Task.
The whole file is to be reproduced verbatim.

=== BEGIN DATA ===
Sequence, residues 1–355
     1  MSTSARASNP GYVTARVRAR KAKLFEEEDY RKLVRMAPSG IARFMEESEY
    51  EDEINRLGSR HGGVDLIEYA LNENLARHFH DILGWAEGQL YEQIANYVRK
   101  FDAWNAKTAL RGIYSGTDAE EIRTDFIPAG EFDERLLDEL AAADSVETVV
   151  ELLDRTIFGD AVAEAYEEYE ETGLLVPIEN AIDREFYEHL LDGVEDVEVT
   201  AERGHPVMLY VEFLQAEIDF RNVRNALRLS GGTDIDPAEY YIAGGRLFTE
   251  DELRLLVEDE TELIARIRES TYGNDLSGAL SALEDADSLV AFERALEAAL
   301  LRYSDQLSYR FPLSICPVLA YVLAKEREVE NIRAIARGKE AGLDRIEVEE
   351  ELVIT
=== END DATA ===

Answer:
Sequence, residues 1–355
     1  MSTSARASNP GYVTARVRAR KAKLFEEEDY RKLVRMAPSG IARFMEESEY
    51  EDEINRLGSR HGGVDLIEYA LNENLARHFH DILGWAEGQL YEQIANYVRK
   101  FDAWNAKTAL RGIYSGTDAE EIRTDFIPAG EFDERLLDEL AAADSVETVV
   151  ELLDRTIFGD AVAEAYEEYE ETGLLVPIEN AIDREFYEHL LDGVEDVEVT
   201  AERGHPVMLY VEFLQAEIDF RNVRNALRLS GGTDIDPAEY YIAGGRLFTE
   251  DELRLLVEDE TELIARIRES TYGNDLSGAL SALEDADSLV AFERALEAAL
   301  LRYSDQLSYR FPLSICPVLA YVLAKEREVE NIRAIARGKE AGLDRIEVEE
   351  ELVIT